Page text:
2. Syrup-freezing of Fruit

Suitable for: peaches, plums, apricots, pineapple, rhubarb, damsons and greengages. Softer fruit is generally halved, stoned or sliced before being frozen.

A syrup is prepared by dissolving sugar or other sweeteners in water over moderate heat in a saucepan. The syrup is set aside to cool before pouring over the cut fruit and then freezing.
Some of the alternative syrups are shown in the table below. Peaches must be packed in a syrup solution or fruit juice. The sugar syrup or fruit juice is added to help stabilize the color, improve flavor and retain the shape of the fruit. It does nor preserve the fruit as such but retains its shape and texture as far as possible. You only require enough liquid to just cover the peaches. The syrup or juice helps prevent freezer burn, drying and oxidation in the air (browning). Fruit juice syrup can be used straight away.

The types of syrups are shown below:

Alternative Types of Syrups for Freezing Fruit

Type of Syrup
Fruit juice (peach, apple or white grape)
4 cups
Splenda (2 cups)
6 cups
6 cups
Light sugar
2 cups
6 cups
7 cups
Medium sugar
3 cups
6 cups
7.2 cups
Heavy sugar
4 cups
6 cups
7.4 cups


3. Sugar-freezing

Suitable for: strawberries, raspberries, black-currants and blackberries and other soft fruits that will be used to make jams or puddings. Note: Avoiding washing the soft fruits before preparing for freezing.

With this method the fruit is combined with granulated sugar, which draws out liquid from the fruit. This liquid forms a syrup that coats the fruit and help protects it from the air, which could cause discoloration and oxidisation of the fruit.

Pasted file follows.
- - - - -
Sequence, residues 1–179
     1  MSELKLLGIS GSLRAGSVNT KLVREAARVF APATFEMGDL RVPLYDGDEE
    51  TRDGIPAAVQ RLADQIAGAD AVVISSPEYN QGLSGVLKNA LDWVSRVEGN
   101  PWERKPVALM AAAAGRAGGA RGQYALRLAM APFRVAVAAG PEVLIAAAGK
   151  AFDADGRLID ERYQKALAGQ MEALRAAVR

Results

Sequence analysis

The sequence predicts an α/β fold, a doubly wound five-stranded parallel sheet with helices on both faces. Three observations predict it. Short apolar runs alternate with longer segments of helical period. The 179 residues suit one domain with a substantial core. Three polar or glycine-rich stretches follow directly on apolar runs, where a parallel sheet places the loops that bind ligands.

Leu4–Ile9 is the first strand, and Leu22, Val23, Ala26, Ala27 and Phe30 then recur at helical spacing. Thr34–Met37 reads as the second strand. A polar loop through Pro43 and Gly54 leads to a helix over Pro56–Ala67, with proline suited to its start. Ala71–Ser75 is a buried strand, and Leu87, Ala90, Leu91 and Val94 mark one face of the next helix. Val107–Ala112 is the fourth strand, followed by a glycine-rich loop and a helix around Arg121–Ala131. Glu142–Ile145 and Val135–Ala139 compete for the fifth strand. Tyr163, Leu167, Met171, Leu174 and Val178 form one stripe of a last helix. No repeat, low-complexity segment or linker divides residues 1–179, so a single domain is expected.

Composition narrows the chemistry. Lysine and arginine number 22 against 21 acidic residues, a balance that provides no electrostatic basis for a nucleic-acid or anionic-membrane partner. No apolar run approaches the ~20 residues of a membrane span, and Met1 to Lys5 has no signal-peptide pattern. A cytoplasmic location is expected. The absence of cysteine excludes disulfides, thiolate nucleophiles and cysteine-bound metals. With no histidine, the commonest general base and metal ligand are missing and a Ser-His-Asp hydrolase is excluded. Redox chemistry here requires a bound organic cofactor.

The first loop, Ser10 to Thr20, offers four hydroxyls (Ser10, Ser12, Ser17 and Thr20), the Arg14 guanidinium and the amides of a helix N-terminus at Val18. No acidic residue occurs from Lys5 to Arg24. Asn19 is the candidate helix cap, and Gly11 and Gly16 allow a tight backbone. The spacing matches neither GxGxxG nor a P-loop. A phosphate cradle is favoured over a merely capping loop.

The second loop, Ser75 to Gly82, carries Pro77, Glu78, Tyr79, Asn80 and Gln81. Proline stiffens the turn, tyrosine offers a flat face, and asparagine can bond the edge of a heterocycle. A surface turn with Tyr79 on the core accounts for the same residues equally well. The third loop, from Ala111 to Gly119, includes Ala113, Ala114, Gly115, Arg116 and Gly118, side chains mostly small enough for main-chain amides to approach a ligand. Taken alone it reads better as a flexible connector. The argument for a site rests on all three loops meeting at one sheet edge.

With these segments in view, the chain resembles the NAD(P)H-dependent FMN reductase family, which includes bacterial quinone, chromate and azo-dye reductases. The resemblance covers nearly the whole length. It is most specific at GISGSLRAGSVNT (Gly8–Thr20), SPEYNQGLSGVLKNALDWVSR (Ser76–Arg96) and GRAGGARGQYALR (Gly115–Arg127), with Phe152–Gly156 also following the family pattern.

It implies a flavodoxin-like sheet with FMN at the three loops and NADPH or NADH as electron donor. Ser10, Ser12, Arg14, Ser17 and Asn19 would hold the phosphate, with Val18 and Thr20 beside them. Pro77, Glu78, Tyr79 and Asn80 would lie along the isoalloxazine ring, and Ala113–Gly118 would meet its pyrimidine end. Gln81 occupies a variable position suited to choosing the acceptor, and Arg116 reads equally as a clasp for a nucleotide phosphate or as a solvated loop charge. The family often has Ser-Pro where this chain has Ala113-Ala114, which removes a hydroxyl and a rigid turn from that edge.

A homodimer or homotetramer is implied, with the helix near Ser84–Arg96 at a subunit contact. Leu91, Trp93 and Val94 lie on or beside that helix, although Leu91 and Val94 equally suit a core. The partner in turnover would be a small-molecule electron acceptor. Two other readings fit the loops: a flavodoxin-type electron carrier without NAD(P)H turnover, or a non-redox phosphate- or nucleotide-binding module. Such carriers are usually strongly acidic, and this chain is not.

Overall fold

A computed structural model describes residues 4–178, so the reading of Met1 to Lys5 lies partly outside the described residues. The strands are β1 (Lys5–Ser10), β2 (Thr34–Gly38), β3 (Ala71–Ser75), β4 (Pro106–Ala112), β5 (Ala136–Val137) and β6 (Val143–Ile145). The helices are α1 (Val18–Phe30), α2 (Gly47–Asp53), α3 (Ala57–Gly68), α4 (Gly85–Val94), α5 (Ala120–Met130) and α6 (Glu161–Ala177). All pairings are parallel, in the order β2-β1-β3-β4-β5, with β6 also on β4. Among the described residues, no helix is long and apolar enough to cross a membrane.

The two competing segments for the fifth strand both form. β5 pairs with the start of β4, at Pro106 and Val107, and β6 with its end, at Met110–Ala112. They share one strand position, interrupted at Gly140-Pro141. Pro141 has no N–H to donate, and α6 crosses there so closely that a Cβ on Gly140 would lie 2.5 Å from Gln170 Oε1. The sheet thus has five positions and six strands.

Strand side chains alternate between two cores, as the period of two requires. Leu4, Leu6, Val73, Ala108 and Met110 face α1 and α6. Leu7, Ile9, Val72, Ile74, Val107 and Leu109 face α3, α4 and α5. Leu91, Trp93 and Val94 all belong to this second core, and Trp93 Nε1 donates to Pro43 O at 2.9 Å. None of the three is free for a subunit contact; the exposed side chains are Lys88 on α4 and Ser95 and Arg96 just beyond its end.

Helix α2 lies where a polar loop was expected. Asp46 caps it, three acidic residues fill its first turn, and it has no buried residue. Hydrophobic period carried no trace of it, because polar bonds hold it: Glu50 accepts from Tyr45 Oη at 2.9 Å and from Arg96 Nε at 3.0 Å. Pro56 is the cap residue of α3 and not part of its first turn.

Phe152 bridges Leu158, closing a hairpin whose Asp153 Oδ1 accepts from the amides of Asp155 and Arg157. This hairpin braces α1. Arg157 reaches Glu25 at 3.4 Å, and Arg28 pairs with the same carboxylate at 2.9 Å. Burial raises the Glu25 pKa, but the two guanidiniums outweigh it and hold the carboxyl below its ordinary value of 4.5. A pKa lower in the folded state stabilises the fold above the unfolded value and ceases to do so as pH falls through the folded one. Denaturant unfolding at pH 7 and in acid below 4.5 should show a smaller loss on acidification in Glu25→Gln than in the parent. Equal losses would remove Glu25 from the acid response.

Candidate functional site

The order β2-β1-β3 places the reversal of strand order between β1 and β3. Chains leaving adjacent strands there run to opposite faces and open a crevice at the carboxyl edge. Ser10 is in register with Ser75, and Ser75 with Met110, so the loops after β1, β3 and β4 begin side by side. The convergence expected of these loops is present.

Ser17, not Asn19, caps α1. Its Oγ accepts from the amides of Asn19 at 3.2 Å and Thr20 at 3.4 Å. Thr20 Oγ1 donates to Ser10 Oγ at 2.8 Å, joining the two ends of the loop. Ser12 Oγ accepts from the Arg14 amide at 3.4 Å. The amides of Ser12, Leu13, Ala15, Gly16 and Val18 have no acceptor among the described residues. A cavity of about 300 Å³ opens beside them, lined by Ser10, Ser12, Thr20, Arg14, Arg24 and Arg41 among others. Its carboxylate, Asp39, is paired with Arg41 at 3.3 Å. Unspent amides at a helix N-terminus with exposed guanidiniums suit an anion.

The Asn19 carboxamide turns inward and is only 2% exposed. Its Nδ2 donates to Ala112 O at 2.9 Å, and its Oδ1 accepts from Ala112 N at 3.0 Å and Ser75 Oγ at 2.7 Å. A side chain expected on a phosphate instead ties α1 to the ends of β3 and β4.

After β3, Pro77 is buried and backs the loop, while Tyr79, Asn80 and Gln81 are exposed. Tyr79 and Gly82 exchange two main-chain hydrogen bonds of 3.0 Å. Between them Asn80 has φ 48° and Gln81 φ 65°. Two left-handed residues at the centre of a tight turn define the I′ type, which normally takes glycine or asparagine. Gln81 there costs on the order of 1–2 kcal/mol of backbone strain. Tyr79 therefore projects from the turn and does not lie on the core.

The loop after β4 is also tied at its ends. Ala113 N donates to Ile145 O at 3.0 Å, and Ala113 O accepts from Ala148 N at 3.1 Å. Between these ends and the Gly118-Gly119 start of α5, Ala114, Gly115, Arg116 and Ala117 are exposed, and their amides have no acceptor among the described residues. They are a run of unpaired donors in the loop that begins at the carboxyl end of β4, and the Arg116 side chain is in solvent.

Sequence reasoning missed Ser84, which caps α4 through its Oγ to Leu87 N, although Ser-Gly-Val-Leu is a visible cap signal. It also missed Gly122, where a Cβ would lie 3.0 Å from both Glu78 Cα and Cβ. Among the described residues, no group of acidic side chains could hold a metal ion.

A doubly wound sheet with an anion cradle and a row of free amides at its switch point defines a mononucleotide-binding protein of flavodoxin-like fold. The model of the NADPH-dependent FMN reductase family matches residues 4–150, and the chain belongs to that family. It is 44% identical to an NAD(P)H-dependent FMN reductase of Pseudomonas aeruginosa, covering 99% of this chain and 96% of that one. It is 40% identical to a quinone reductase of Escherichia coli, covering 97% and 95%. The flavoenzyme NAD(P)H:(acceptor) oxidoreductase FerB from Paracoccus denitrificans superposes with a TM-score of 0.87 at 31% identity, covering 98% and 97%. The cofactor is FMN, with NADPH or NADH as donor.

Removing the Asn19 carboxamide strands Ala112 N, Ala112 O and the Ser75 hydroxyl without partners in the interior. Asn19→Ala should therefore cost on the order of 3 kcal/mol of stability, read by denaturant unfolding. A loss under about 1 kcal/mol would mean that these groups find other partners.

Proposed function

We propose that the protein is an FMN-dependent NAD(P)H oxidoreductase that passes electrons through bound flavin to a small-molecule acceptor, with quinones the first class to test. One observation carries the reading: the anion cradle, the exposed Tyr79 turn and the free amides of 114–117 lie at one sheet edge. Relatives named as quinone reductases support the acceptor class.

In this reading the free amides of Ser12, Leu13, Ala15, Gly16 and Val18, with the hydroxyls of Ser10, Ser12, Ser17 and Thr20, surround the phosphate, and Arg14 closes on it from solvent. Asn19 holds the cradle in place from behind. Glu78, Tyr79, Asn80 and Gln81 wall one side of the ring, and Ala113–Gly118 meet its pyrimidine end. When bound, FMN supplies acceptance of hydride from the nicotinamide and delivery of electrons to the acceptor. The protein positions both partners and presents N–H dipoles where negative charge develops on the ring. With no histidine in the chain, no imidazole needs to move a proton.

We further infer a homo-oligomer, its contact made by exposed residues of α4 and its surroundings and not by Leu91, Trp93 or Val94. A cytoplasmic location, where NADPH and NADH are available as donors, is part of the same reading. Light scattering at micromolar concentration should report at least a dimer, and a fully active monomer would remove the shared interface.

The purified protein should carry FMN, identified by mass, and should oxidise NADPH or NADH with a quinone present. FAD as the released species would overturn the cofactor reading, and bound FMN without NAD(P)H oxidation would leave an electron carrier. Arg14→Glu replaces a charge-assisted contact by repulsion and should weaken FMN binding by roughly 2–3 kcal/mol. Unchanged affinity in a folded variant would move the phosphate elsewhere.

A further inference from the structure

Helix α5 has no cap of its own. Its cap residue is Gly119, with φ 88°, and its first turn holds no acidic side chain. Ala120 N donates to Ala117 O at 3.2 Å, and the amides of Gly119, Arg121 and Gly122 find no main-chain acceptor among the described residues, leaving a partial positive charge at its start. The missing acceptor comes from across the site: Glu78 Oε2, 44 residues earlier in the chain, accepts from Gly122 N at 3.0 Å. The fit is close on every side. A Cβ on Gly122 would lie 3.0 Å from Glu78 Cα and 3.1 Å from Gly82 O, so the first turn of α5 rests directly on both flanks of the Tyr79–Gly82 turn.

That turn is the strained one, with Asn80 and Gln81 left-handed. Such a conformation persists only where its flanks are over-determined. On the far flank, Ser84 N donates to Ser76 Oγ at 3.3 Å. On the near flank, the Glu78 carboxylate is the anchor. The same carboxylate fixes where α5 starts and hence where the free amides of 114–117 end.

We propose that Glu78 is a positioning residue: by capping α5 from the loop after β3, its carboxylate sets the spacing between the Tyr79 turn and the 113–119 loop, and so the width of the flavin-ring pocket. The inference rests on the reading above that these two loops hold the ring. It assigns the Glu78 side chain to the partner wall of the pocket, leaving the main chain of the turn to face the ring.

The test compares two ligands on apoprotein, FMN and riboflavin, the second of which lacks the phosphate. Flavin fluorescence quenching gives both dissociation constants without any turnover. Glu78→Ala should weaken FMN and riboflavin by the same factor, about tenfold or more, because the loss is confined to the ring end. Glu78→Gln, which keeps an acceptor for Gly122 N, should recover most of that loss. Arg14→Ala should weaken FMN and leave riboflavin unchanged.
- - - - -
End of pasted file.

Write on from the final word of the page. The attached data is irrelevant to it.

4. Freezing of Fruit Purees

Suitable for: plums, strawberries, apples, raspberries, pears, apricots, gooseberries, black currants, blackberries, rhubarb and damsons.

This method is a good way of handling bulk fruit that is not in perfect condition or fruit that is slightly overripe and unsuitable for the other methods. It is also suitable for pieces of fruit. Once defrosted, this fruit puree can be served as a mousse or made into jams, sauces or used as is to accompany ice cream and other desserts. Often it is best to lightly stew and sweetened the fruit with sugar before pureeing and this enhances and blends the flavors together.


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Freezing Peach Slices in Syrup
Freezing Peach Slices in Syrup. Source: Public Domain
Freezing Strawberries
Freezing Strawberries. Source: Public Domain
Frozen Raspberries
Frozen Raspberries. Source: Public Domain
Cut the fruit into individual portions and freeze separately
Cut the fruit into individual portions and freeze separately. Source: Public Domain
Freezing fruit in small blocks makes them very easy to use
Freezing fruit in small blocks makes them very easy to use. Source: Public Domain
Fresh peaches - sliced and ready to freeze by placing well separated on trays
Fresh peaches - sliced and ready to freeze by placing well separated on trays. Source: Public Domain
Fruit slices frozen and packed into zip-lock bags
Fruit slices frozen and packed into zip-lock bags. Source: Public Domain
Freezing berries
Freezing berries. Source: Public Domain